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Mitch Albom, an Accidental Success Story

By Andrea Koczela. May 21, 2014. 9:00 AM.

Topics: Movie Tie-Ins, Drama

This week we celebrate Mitch Albom, bestselling author, playwright, musician, and philanthropist. Best known for his memoir, Tuesdays with Morrie, Albom’s books have sold over 35 million copies and have been translated into 45 languages.

albom_mitch

Born May 23, 1958, Albom’s childhood ambition was to become a musician. He taught himself to play piano and was a member of several bands throughout high school. In 1979, he earned his bachelor’s degree from Brandeis University and afterwards traveled throughout Europe and the United States pursuing a music gigs. “I wanted to be a musician,” Albom said. “I did everything that you’re supposed to do for that, and I was a total flop.”

Before long, he turned to writing as a steadier source of income; it was quickly apparent that this was Albom’s true talent. He contributed to Sports Illustrated, The Philadelphia Inquirer, and GEO, while also earning a master’s degree from the Columbia University Graduate School of Journalism. After winning the 1985 Associated Press Sports Editors award for best Sports News Story, Albom became a sports columnist for the Detroit Free Press. His writing became so popular that it was soon syndicated across the nation. He has won hundreds of awards for his journalism, including seven awards for best feature writing from the Associated Press.

Albom’s life changed in 1995 when he saw a Ted Koppel interview on ABC News. “I happened to be flipping the television and happened to see my old college professor, Morrie Schwartz, who I hadn't seen in 16 years. And he's on TV and he's talking about what it's like to die." Albom called Schwartz, who had been diagnosed with a terminal illness, and began meeting with him every Tuesday. He wrote a book about their time together, Tuesdays with Morrie, hoping to help Schwartz pay his medical bills.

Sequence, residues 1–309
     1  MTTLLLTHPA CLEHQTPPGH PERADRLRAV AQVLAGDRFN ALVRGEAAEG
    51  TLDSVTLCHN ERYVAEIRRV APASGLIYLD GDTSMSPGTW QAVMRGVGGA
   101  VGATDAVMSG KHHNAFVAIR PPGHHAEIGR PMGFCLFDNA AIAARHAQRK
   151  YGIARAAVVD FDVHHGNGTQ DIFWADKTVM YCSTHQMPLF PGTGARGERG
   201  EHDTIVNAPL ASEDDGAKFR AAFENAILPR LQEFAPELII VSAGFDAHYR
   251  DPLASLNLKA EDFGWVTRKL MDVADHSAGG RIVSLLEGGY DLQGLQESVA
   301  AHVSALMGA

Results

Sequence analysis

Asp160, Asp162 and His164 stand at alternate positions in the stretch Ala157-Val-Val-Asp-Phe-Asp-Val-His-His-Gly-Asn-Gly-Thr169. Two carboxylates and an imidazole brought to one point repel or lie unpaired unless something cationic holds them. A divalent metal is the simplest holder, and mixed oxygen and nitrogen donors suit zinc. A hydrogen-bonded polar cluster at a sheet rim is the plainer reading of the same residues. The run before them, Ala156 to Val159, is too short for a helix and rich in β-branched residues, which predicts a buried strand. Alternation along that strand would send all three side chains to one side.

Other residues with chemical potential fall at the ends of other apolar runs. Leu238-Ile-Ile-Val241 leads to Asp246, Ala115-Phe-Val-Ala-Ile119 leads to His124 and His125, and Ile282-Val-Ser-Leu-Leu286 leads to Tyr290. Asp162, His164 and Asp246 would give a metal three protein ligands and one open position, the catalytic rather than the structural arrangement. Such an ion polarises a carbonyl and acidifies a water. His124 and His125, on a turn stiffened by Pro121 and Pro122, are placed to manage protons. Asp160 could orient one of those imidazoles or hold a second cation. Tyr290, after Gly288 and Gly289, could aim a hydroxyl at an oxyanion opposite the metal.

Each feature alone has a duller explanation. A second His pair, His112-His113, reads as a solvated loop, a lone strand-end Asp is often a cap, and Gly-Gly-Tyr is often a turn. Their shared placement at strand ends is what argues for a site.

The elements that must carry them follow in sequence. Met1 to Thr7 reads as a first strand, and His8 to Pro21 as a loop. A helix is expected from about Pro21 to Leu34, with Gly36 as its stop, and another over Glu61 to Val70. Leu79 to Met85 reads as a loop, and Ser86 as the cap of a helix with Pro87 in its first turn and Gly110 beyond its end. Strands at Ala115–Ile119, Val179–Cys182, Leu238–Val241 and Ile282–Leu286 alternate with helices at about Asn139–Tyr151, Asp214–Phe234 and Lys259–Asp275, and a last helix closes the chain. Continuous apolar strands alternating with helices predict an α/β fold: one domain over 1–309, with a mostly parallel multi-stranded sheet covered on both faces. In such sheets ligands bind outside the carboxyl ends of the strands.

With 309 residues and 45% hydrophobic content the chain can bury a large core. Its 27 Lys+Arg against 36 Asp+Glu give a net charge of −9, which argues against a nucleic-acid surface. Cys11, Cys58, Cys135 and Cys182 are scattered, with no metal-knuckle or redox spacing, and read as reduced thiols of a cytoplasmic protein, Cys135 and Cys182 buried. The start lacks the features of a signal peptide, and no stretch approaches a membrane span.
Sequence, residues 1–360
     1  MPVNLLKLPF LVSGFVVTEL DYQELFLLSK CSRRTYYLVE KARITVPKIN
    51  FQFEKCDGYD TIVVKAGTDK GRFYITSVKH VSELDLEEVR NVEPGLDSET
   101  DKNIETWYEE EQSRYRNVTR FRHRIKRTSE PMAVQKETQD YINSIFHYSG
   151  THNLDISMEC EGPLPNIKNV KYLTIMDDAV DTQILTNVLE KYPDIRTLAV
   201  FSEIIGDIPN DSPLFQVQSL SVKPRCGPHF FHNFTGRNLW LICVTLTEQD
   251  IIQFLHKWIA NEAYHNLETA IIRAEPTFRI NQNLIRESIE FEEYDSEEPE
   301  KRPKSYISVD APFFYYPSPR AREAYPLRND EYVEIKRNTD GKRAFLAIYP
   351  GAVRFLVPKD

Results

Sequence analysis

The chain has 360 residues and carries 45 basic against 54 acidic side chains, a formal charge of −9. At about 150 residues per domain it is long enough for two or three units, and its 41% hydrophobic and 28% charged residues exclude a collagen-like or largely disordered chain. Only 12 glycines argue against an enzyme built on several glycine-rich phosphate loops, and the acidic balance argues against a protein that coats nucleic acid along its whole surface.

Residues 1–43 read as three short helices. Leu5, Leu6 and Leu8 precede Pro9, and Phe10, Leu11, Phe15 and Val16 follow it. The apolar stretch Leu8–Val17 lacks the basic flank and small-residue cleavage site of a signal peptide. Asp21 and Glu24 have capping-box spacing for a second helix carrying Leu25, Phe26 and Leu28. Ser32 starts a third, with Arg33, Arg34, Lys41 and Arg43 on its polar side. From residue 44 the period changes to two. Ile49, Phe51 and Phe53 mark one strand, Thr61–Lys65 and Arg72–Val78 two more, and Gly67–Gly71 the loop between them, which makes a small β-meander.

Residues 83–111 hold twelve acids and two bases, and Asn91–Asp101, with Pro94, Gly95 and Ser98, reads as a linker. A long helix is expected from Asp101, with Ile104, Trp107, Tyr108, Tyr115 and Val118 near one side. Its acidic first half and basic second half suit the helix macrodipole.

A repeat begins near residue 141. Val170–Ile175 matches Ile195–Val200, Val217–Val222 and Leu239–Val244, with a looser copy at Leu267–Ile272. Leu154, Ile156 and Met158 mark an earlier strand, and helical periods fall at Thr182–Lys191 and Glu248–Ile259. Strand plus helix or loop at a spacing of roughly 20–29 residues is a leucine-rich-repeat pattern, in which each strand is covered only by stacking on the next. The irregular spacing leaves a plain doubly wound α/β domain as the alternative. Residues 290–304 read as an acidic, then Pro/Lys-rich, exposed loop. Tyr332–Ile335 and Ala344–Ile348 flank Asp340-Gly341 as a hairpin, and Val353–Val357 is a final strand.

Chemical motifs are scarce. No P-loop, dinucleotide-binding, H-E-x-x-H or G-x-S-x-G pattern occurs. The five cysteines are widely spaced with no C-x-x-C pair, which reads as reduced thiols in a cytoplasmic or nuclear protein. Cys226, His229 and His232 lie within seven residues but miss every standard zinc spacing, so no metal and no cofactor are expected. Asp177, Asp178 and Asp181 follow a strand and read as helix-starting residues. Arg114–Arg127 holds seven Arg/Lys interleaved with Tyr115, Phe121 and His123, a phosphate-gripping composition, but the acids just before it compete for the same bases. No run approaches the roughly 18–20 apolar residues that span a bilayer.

Tuesdays_with_Morrie_albom-1

According to Albom, "It wasn't supposed to be a big book. They printed 20,000 copies. I thought I'd have them in the trunk of my car for the rest of my life.” Those 20,000 copies sold, however, along with more than 14 million more. A tremendous success, the book spent four years on The New York Times bestseller list. The book was adapted into a television movie, starring Jack Lemmon in his final role. It won four Emmy awards and was the most watched television movie in 1999.

Albom later wrote three novels: The Five People You Meet in Heaven (2003), For One More Day (2006), and Have a Little Faith (2009). All three were bestsellers and adapted into television movies.  Albom has written several plays: an adaptation of Tuesdays with Morrie and three original works, Duck Hunter Shoots Angel, And the Winner Is, and Ernie. He also realized his childhood dream of being a musician. Two of his songs were featured in movies—one directed by Arnold Schwarzenegger and another directed by Kevin Smith.  Additionally, he performs in a band along with Stephen King, Dave Barry, Amy Tan, and Scott Turow.

Andrea Koczela
Enthusiast of modern and classic literature who loves transforming obscure topics into interesting reads. Writer, editor, marketer, and bookseller.

 

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